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Bio-inspired design, also called biomimetics or biomimicry, is the study of living species for the purpose of creating new engineering systems since bological materials present many examples of unique structures, which provide numerous sources for novel structural material designs. In order to mimic structure to design mechanical system, some animals, plants, or human organs are observed experimentally and simulated using computational modeling at different length scales. Compared to man-made materials, biological materials have three characteristics. First, biological materials are designed to be function-oriented; therefore, their structures are optimized for their function. Second, biological materials are generated from the lowest length scales in a cell. Third, they are organized hierarchically down to the [https://icme.hpc.msstate.edu/mediawiki/index.php/Category:Nanoscale nanoscale]. With regard to these characteristics, ICME can be a proper tool to model and simulate biological materials, which can be more complex than man-made materials are. ICME enables to catch up the properties of biological materials from the nanoscale to [https://icme.hpc.msstate.edu/mediawiki/index.php/Category:Macroscale macroscale] and to bring meaningful data with low uncertainty to the tissue level model. Studying these materials at different length scales allows the determination of the hierarchical structure interaction. Several examples of successful bio-inspired designs include [http://en.wikipedia.org/wiki/Velcro velcro], modeled after seed [http://en.wikipedia.org/wiki/Bur burrs], and hexagonal armor plates modeled after abalone nacre.
  
==== References ====
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=== Biological Material Category ===
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[[:Category:Animal Tissue Research|Animal Tissue Research]] <br>
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[[:Category:Human Tissue Research|Human Tissue Research]] <br>
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[[:Category:Vegetation Research|Vegetation Research]] <br>
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[[:Category:Bio-inspired Energy Dissipation|Bio-inspired Energy Dissipation]] <br>
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=== References ===
 
<references/>
 
<references/>
 
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= Biological Material Systems =
 
 
[[:Category:Animal Tissue Research|Animal Tissue Research]] <br>
 
[[:Category:Human Tissue Research|Human Tissue Research]] <br>
 
[[:Category:Human Bio-inspired energy dissipation|Bio-inspired energy dissipation]] <br>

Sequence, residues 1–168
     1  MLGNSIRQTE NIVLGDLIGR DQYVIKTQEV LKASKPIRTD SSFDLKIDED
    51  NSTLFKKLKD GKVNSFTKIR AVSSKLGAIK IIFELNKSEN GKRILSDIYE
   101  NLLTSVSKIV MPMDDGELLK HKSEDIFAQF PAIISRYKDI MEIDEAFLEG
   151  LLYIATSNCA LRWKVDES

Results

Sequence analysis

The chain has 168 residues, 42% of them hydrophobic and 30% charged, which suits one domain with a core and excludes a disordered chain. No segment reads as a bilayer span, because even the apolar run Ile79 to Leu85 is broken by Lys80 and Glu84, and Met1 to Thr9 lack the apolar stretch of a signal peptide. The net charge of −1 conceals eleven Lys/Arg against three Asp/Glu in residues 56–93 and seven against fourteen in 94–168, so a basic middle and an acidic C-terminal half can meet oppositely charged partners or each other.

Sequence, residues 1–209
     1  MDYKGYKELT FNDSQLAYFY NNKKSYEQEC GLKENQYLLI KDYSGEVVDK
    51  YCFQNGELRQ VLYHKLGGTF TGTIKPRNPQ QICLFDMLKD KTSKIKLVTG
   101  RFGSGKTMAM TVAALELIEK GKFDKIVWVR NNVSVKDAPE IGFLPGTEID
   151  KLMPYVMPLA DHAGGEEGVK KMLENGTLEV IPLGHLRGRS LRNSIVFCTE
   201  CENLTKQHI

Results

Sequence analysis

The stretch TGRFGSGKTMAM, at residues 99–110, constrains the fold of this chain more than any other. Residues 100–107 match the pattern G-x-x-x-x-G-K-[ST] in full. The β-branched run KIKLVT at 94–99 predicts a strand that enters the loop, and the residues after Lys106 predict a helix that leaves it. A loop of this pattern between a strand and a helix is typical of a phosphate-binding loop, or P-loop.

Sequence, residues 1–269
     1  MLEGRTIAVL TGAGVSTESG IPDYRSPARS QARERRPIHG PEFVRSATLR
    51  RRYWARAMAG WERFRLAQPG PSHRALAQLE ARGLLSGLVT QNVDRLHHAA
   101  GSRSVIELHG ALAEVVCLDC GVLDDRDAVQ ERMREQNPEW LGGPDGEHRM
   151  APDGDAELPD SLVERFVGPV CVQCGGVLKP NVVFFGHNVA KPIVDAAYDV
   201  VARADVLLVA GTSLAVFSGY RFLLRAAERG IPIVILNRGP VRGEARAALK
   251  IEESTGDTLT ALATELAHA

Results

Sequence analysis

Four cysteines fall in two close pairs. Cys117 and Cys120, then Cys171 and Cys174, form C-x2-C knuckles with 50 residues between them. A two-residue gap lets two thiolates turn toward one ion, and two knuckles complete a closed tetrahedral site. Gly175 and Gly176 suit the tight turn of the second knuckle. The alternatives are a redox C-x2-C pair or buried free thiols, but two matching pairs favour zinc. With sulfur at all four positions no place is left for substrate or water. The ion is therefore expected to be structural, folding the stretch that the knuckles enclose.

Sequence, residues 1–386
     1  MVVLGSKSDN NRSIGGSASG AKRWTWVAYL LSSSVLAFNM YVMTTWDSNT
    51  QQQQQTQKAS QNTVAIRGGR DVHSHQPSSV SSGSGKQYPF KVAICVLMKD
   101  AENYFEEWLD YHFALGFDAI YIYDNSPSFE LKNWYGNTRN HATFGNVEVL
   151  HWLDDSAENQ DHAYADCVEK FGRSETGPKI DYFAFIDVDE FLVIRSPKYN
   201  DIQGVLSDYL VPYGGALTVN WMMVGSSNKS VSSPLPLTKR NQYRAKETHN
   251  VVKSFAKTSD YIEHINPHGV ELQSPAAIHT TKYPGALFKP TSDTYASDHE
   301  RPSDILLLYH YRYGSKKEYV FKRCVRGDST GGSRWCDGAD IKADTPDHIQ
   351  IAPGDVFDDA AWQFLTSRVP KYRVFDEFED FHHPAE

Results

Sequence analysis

[[:Category:Vegetation Research|Vegetation Research]] <br>
 
  
 
[[Category:Overview]]
 
[[Category:Overview]]
 
[[Category:Materials]]
 
[[Category:Materials]]

Latest revision as of 14:49, 17 March 2016

Contents

[edit] Overview

One example of biological material. Micro and nano structure of three-layered woodpeckers' beaks showing hierarchical structure of biological materials. [1].

We provide the information and data of the structure-properties relationship for biological materials from various kinds of living creatures including fish, birds, mammals, and human tissue, and of engineering designs and principles inspired from biological materials.


[edit] Biological Materials

Biological materials are the materials used in living tissue including human, animal, and vegetation. Most biological materials are much stronger than the individual constituents they are made of. They typically have a low density, contain no metals, and have hierarchical organization inherent in their design of both structure and material. Most are multifunctional, self-healing, self-organizing, and self-assembling. They also have a broad range of both Young's moduli, strength, and toughness varying over several orders of magnitude[2]. The structure-property relationships of biological materials can provide data and information to carry out modeling/simulations for the human body and bio-inspired design ideas.

[edit] Bio-inspired Design

Bio-inspired design, also called biomimetics or biomimicry, is the study of living species for the purpose of creating new engineering systems since bological materials present many examples of unique structures, which provide numerous sources for novel structural material designs. In order to mimic structure to design mechanical system, some animals, plants, or human organs are observed experimentally and simulated using computational modeling at different length scales. Compared to man-made materials, biological materials have three characteristics. First, biological materials are designed to be function-oriented; therefore, their structures are optimized for their function. Second, biological materials are generated from the lowest length scales in a cell. Third, they are organized hierarchically down to the nanoscale. With regard to these characteristics, ICME can be a proper tool to model and simulate biological materials, which can be more complex than man-made materials are. ICME enables to catch up the properties of biological materials from the nanoscale to macroscale and to bring meaningful data with low uncertainty to the tissue level model. Studying these materials at different length scales allows the determination of the hierarchical structure interaction. Several examples of successful bio-inspired designs include velcro, modeled after seed burrs, and hexagonal armor plates modeled after abalone nacre.

[edit] Biological Material Category

Animal Tissue Research
Human Tissue Research
Vegetation Research
Bio-inspired Energy Dissipation

[edit] References

  1. Lee, N., Horstemeyer, M., Rhee, H., Nabors, B., Liao, J., Williams, LN., “Hierarchical multiscale structure–property relationships of the red-bellied woodpecker (Melanerpes carolinus) beak,” Journal of The Royal Society Interface, 11 (2014) 20140274. (http://rsif.royalsocietypublishing.org/content/11/96/20140274)
  2. Meyers MA, Chen P-Y, Lin AY-M, Seki Y. Biological materials: Structure and mechanical properties. Progress in Materials Science 2008;53:1–206.

Subcategories

This category has the following 5 subcategories, out of 5 total.

Pages in category "Biomaterials"

The following 38 pages are in this category, out of 38 total.

A

B

C

D

E

E cont.

F

G

H

I

M

R

S

S cont.

T

W